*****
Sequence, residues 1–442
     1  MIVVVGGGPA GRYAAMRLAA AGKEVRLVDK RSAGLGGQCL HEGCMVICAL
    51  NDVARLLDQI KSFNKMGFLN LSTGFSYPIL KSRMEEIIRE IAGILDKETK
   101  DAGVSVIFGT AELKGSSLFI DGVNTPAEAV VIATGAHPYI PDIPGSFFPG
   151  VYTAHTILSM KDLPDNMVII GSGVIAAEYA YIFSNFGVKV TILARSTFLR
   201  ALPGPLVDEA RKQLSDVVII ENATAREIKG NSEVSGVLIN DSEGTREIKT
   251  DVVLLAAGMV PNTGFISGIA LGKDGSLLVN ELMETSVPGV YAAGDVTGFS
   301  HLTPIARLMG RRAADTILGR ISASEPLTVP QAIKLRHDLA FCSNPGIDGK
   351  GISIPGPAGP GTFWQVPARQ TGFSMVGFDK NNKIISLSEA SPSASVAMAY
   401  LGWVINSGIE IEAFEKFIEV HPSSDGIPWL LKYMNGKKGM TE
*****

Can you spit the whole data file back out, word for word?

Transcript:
Sequence, residues 1–442
     1  MIVVVGGGPA GRYAAMRLAA AGKEVRLVDK RSAGLGGQCL HEGCMVICAL
    51  NDVARLLDQI KSFNKMGFLN LSTGFSYPIL KSRMEEIIRE IAGILDKETK
   101  DAGVSVIFGT AELKGSSLFI DGVNTPAEAV VIATGAHPYI PDIPGSFFPG
   151  VYTAHTILSM KDLPDNMVII GSGVIAAEYA YIFSNFGVKV TILARSTFLR
   201  ALPGPLVDEA RKQLSDVVII ENATAREIKG NSEVSGVLIN DSEGTREIKT
   251  DVVLLAAGMV PNTGFISGIA LGKDGSLLVN ELMETSVPGV YAAGDVTGFS
   301  HLTPIARLMG RRAADTILGR ISASEPLTVP QAIKLRHDLA FCSNPGIDGK
   351  GISIPGPAGP GTFWQVPARQ TGFSMVGFDK NNKIISLSEA SPSASVAMAY
   401  LGWVINSGIE IEAFEKFIEV HPSSDGIPWL LKYMNGKKGM TE